October 21, 1837 -
It's another banner day for the relations between the United States and the Native American tribes. During the Second Seminole War (1835-1842), under a flag of truce during peace talks, U.S. troops under Gen. Thomas S. Jesup violated a truce and captured Indian Seminole Chief Osceola in Florida and sent him and several other leaders to prison, where the chief later died of malaria.
Makes you proud to be an American.
October 21, 1869 -
The first shipment of fresh oysters came West overland from Baltimore via refrigerated train cars on this date.
October 21, 1879 -
Using a filament of carbonized thread, Thomas Alva Edison demonstrated the incandescent electric lamp on this date (or some other date, as previously mentioned.)
That invention was the fruit of study, hard work (of people other that Edison,) and years of persistent experimentation (of people other than Edison,) rendering it entirely inappropriate for discussion here.
More worthy of our attention is Alfred Nobel, the founder of the Nobel Prize, born on this date in 1833.
Dynamite proved so lucrative for Mr Nobel that he was able to spend most of the rest of his life blowing things up in the interests of world peace. World peace was not achieved in his lifetime, however, so he endowed a foundation with millions of dollars to give prizes to the men and women of future generations who helped bring the world closer to peace by blowing things up.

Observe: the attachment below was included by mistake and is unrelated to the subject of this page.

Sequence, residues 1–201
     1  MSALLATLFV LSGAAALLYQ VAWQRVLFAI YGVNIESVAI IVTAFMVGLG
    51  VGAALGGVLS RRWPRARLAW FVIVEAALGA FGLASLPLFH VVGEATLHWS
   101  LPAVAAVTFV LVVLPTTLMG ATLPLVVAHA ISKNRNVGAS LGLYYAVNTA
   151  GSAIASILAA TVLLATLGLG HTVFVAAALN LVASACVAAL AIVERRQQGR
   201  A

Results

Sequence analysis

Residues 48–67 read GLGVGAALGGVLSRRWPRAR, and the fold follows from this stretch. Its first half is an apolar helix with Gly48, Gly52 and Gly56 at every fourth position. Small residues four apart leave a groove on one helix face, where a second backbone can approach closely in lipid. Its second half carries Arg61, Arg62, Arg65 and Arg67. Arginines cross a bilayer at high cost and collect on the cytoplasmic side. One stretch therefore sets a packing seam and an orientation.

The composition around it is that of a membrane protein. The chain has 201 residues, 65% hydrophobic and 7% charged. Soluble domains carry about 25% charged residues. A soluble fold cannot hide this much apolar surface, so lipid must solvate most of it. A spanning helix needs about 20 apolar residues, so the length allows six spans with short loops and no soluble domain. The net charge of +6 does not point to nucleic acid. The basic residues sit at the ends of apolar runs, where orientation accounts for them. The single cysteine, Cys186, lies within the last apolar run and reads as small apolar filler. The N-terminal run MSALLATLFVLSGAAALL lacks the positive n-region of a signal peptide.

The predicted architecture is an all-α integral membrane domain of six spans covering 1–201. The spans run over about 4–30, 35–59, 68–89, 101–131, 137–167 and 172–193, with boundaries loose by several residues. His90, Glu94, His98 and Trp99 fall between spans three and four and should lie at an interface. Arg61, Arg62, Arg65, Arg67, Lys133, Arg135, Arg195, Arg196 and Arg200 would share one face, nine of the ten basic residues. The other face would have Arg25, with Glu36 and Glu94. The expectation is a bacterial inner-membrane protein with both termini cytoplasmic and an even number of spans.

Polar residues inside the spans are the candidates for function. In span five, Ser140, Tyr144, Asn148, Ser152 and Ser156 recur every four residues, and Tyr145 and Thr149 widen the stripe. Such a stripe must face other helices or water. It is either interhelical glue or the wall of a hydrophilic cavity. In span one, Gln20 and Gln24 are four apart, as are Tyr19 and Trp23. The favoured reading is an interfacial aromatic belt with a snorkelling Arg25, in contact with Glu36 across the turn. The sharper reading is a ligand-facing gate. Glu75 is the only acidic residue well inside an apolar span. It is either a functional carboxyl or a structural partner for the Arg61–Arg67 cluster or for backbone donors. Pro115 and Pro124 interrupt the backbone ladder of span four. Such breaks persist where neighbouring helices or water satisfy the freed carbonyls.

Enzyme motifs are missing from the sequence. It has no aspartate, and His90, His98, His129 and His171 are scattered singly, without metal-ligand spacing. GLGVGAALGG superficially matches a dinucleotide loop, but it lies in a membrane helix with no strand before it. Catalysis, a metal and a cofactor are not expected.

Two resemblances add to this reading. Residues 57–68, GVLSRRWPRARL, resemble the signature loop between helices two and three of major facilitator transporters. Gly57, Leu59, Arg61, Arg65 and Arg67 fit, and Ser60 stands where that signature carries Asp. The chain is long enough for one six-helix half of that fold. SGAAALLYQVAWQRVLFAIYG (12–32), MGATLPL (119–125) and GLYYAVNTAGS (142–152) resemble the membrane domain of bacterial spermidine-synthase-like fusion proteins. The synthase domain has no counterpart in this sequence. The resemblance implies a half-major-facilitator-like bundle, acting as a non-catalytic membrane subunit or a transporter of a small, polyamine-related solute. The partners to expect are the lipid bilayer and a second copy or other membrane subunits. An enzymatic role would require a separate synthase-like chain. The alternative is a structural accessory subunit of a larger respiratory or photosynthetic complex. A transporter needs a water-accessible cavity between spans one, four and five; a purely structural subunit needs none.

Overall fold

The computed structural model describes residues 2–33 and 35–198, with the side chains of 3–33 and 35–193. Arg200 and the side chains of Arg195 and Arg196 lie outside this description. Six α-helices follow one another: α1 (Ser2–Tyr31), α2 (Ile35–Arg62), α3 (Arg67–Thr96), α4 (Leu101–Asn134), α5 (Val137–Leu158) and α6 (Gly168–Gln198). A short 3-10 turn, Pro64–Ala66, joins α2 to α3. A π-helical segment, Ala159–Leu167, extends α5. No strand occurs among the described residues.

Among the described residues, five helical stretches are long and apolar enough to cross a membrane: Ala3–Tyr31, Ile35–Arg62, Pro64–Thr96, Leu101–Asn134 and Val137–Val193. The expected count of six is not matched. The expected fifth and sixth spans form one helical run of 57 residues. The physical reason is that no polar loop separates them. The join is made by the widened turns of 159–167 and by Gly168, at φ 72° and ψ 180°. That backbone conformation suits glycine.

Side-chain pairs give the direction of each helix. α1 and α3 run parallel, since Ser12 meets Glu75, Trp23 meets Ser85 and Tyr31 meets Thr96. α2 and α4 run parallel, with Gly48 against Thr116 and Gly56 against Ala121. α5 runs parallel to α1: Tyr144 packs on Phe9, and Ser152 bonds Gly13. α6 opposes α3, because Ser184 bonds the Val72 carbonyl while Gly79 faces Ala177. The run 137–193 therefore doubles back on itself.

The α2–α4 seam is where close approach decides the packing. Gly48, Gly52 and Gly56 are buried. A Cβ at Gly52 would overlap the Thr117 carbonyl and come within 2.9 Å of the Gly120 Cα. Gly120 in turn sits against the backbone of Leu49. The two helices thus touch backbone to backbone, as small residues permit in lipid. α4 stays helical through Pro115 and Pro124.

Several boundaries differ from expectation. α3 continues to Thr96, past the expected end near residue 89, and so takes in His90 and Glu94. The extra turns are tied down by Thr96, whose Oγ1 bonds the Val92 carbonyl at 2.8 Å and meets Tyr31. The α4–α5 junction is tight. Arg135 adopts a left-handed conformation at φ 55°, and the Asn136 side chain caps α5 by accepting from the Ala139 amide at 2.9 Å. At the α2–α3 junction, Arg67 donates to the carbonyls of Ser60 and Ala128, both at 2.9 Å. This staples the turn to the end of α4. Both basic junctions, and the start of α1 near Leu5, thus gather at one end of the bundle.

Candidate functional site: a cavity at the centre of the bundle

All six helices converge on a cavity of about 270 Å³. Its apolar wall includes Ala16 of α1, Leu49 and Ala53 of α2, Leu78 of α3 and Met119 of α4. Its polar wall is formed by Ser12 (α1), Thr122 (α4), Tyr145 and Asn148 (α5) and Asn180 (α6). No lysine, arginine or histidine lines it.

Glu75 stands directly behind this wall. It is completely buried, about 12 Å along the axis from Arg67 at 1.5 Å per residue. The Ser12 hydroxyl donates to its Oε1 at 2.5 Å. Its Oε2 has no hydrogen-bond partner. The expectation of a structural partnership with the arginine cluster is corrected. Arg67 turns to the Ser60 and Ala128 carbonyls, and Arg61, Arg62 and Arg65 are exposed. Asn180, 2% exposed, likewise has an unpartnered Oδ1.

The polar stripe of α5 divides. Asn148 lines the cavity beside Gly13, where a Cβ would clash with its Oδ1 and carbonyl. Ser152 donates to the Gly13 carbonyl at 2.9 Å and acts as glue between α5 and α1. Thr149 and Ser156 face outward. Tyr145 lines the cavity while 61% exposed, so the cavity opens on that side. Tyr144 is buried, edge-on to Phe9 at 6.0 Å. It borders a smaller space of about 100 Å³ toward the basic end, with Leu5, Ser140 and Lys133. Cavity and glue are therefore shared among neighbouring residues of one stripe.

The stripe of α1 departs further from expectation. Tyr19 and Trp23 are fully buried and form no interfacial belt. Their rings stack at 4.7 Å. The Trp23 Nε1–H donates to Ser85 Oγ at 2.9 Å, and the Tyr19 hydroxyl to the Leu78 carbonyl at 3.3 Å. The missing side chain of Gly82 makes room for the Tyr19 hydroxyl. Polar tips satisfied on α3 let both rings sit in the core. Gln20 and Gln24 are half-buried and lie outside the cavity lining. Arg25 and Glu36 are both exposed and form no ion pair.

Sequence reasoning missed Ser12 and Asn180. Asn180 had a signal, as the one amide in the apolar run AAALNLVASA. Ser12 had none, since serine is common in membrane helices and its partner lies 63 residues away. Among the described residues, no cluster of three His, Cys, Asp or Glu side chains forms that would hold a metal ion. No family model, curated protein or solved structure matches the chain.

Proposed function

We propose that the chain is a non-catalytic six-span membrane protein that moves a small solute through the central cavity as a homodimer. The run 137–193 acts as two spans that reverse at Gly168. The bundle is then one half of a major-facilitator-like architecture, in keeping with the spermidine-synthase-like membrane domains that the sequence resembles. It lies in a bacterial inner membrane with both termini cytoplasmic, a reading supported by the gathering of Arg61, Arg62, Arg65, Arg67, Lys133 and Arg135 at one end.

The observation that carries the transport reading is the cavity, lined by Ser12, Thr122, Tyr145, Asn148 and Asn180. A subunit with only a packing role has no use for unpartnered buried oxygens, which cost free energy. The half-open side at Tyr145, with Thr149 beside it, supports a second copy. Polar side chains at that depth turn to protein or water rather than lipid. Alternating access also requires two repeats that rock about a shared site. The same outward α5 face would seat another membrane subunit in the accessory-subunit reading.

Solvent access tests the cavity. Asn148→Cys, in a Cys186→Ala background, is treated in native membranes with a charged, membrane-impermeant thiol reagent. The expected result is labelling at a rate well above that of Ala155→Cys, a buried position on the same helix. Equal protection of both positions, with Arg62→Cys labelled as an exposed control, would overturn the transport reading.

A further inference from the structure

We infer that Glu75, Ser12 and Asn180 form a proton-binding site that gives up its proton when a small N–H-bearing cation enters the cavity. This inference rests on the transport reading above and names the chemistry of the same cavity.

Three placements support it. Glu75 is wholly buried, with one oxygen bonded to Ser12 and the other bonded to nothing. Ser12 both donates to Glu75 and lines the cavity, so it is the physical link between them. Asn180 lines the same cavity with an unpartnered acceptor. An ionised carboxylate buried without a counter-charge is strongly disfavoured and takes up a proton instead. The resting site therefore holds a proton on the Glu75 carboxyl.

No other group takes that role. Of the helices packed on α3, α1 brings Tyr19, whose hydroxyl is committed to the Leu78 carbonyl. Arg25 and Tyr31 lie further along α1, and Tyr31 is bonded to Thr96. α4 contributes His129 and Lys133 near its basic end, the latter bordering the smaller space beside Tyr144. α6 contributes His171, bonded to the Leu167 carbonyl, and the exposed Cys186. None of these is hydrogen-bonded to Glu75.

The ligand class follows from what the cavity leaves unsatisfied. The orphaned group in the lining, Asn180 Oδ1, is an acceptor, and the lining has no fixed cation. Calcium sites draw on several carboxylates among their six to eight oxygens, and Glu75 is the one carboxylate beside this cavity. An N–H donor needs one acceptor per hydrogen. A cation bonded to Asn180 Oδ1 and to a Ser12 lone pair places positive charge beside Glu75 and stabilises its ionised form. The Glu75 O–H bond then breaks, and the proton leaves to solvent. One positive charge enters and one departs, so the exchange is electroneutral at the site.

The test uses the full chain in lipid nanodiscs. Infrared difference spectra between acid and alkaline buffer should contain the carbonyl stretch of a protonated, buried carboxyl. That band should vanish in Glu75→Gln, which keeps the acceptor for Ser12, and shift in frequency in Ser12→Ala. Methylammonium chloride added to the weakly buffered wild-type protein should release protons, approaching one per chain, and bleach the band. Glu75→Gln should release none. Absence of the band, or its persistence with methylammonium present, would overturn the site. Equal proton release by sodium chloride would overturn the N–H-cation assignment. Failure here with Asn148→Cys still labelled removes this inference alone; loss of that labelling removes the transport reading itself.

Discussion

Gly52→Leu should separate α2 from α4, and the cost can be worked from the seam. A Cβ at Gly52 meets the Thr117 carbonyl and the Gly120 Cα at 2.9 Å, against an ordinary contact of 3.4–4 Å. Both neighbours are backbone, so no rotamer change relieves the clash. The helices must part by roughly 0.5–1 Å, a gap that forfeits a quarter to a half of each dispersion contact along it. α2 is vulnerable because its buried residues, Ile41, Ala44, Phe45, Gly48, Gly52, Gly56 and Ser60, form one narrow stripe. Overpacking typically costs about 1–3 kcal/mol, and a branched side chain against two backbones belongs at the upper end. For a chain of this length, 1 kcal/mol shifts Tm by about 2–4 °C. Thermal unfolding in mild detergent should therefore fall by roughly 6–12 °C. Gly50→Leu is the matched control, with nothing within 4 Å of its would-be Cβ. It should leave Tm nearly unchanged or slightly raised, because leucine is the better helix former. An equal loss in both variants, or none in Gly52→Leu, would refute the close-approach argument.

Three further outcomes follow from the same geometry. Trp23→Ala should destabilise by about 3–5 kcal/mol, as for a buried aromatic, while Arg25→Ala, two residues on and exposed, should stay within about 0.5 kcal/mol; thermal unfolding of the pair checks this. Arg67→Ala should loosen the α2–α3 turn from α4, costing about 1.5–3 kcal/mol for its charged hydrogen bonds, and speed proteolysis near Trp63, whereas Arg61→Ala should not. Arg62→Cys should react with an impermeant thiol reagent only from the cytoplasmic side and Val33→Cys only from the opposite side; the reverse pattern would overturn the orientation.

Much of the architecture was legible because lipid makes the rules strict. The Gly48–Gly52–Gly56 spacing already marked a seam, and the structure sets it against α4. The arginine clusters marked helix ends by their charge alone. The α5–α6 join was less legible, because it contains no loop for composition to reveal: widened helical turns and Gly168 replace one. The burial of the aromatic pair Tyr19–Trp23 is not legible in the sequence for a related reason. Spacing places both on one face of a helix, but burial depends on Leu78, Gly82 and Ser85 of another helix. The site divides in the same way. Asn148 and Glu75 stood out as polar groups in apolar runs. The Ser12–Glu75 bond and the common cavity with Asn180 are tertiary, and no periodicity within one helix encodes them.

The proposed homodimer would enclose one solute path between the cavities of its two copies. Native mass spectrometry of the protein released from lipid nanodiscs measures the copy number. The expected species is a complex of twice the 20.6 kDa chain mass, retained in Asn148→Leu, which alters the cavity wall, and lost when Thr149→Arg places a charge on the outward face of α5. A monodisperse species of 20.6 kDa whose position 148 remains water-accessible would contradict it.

In 1943, Ignacio "Nacho" Anaya, the maître d' of the Victory Club in Piedras Negras, Coahuila, Mexico, prepared the first plate of crunchy, spicy nachos for Texas women who were on a shopping trip.
To honor his ingenious creation, we celebrate by eating his delicious gut busting cheesy dish on this date.
October 21, 1959 -
The Solomon R. Guggenheim Museum, designed by Frank Lloyd Wright, opened in New York City on this date.
The structure faced harsh criticism when it opened in 1959. One critic dismissed it as "a war between architecture and painting, in which both come out badly maimed." Another called it "an indigestible hot cross bun." NYC Parks Commissioner Robert Moses snapped that it looked like "an inverted oatmeal dish."
October 21, 1973 -
John Paul Getty III's ear was cut off by his kidnappers and sent to a newspaper in Rome; It doesn't arrive until November 8.
October 21, 1992 -
A day after her Erotica album was released, Madonna's erotic-book Sex went on sale in the nation's bookstores on this date.
Shirley Booth, 94, Emmy, Oscar and Tony award winning actress accidentally flipped through the book and promptly dropped dead on this date as well.
October 21, 2015 -
Today is the day that Dr Emmett Brown takes Marty and his girlfriend Jennifer to the future to prevent their kids from "ruining their lives". back to the future
OK now that we have all spazzed out, let's all calm down. (Wow, I'm so old.)
And so it goes
There are 10 days until Halloween. Begin purchasing those candies filled with poison (loose pieces of candy corn will do in a pinch.)